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XL Bully Ban: What’s Next for Owners?

The UK Prime Minister, Rishi Sunak, announced on the 15th of September that the dog breed known as American bully XL will be banned by the end of this year, once the definition of the breed is established.

What is an XL Bully?

The XL Bully breed traces its origins back to the 1980s in the United States. It emerged from the intentional crossbreeding of American Pit Bull Terriers1 and American Staffordshire Terriers. While it may not have received official classification within the primary British Dog Associations, XL Bullies stand out as the physically largest among the American Bully category, often reaching weights exceeding 60 kilograms and are notable for their robust and muscular physique.2

What caused the proposed ban?

Following a series of attacks, spanning the Midlands region and now in London, the XL bully breed catapulted into national headlines, igniting a fervent debate about the breed’s inherent nature and potential dangers. In response to these incidents, the Prime Minister swiftly called for a nationwide ban on the breed. On September 9th, an eleven-year-old girl suffered severe injuries in a harrowing encounter with an XL bully. Tragically, just five days later, a fifty-two-year-old man fell victim to a brutal assault by two XL bullies, and he succumbed to his injuries shortly after being admitted to the hospital.3 These distressing events have stirred significant concern and prompted a call for action on a broader scale.

What does the ban mean for current dog owners?

Firstly, the XL Bully needs to be a defined breed in order to be added to the list of dogs banned under the Dangerous Dogs Act 1991. Once the critical classification has been confirmed, the government will proceed to enact a statutory instrument, officially adding the XL bully to the list of prohibited dogs, subsequently, owning, breeding, gifting, or selling an XL Bully will become a criminal offence.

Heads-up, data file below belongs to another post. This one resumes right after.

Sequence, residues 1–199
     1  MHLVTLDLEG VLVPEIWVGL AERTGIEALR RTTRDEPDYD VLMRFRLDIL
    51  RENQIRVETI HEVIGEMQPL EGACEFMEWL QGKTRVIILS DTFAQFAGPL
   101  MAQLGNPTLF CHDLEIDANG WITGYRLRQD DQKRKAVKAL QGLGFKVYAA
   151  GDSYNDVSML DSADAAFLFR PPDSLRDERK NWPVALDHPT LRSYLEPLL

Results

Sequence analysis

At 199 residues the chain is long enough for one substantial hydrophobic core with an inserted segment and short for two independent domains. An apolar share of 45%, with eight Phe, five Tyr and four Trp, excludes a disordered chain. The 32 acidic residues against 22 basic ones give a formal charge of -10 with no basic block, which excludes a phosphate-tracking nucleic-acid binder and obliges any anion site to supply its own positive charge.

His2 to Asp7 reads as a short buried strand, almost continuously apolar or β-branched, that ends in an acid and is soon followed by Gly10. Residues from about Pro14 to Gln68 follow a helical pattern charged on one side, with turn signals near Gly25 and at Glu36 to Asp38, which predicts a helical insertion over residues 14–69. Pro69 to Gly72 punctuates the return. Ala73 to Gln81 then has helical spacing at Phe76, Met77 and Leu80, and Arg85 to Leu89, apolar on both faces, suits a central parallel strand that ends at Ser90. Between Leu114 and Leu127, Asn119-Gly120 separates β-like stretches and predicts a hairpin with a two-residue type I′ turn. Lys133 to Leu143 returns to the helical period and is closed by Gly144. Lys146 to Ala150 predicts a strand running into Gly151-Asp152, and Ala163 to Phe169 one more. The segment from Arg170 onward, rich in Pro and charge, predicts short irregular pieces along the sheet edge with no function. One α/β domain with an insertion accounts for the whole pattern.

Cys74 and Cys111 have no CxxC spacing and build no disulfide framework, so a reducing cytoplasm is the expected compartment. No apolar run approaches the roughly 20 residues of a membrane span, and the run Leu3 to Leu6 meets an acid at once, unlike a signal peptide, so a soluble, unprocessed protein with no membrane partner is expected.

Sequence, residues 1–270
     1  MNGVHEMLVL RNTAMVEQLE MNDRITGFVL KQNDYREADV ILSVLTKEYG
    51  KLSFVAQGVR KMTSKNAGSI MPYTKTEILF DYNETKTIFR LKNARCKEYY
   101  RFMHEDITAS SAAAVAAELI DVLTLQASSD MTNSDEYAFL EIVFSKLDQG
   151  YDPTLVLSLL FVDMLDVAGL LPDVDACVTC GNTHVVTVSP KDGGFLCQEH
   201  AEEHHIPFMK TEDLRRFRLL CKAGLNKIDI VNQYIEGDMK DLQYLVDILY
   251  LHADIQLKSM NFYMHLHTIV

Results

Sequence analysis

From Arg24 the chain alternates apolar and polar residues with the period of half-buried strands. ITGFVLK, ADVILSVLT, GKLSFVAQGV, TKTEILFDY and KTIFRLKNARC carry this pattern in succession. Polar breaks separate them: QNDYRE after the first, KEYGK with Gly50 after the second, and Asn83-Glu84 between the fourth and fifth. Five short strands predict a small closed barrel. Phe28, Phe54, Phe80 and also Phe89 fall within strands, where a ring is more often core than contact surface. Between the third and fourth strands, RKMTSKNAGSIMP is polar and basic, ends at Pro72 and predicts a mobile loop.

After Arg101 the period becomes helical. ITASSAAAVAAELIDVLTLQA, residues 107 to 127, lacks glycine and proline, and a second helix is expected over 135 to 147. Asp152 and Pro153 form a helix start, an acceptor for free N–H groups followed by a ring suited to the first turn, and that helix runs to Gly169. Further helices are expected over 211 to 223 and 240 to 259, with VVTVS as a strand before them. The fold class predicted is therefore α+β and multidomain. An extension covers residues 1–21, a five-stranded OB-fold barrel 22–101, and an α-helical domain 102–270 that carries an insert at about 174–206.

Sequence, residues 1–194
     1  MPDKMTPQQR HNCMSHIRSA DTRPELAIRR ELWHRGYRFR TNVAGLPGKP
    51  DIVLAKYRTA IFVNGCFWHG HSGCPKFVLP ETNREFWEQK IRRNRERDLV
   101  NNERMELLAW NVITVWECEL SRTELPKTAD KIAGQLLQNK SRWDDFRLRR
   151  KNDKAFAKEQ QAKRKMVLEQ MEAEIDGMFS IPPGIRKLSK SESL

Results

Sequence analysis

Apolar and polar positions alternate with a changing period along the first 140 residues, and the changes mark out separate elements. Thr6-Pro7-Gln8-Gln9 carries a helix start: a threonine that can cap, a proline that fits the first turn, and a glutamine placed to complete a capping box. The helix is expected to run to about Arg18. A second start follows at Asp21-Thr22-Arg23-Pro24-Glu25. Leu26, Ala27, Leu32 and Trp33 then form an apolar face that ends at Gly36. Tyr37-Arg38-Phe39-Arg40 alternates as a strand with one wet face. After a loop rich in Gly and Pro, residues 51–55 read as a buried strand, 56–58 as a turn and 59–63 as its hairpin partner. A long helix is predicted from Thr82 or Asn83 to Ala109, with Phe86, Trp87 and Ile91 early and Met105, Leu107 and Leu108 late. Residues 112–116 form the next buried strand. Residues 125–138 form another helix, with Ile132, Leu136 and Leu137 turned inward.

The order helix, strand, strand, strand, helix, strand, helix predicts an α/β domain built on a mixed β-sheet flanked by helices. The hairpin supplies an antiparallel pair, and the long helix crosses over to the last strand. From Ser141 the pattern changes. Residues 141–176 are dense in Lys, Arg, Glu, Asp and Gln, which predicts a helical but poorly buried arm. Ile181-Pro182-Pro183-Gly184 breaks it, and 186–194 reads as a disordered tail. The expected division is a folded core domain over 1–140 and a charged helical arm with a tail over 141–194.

Due to the existing population of XL bullies, there will be a transition period, where XL bully owners will need to come forward and register their dogs. In addition, they must comply with other criteria’s such as sterilisation and microchipping as well as ensuring the breed is muzzled and on a lead, when out in public. If these conditions are met then ‘dog owners can absolutely keep their dogs’, as stated by the UK’s chief veterinary officer, Christine Middlemiss.4 However, concerns persist regarding the effectiveness and fairness of such breed-specific bans as despite more dogs being banned, dog attacks have increased.5 In spite of these concerns, the government has affirmed its commitment to implementing the ban by year-end. Importantly, they have clarified that there will be no cull of the XL Bully breed. Consequently, XL Bully owners can rest assured that they can keep their beloved pets, provided they adhere to the government’s outlined criteria once they have been announced. Exact requirements are yet to be published, this information will be provided once the classification of the breed has been confirmed.

If you need advice on the current law or you face criminal allegations related to this subject, please contact one of our crime experts for advice. Call 0330 822 3451 or request a call back online. 

Co-Author of this blog is Emily Wilkinson, Leeds University.

1 Murphy, M. (2023). What is an American bully XL and why are they being banned? BBC NEWS. [online] 11 Sep. Available at: [Accessed 28 Sep. 2023].
2 Harwood-Baynes, M. (2023). XL bully dogs: Why adding the Controversial breed to the dangerous dogs act may not work. [online] Sky News. Available at:
3 Murray, J. and correspondent, J.M.M. (2023). Man who died after double dog attack in Staffordshire named as Ian Price. The Guardian. [online] 15 Sep. Available at: [Accessed 28 Sep.2023].
4 Murphy, M. (2023). What is an American bully XL and why are they being banned? BBC NEWS. [online] 11 Sep. Available at: [Accessed 28 Sep. 2023].
5 Murphy, M. (2023). What is an American bully XL and why are they being banned? BBC NEWS. [online] 11 Sep. Available at: [Accessed 28 Sep. 2023].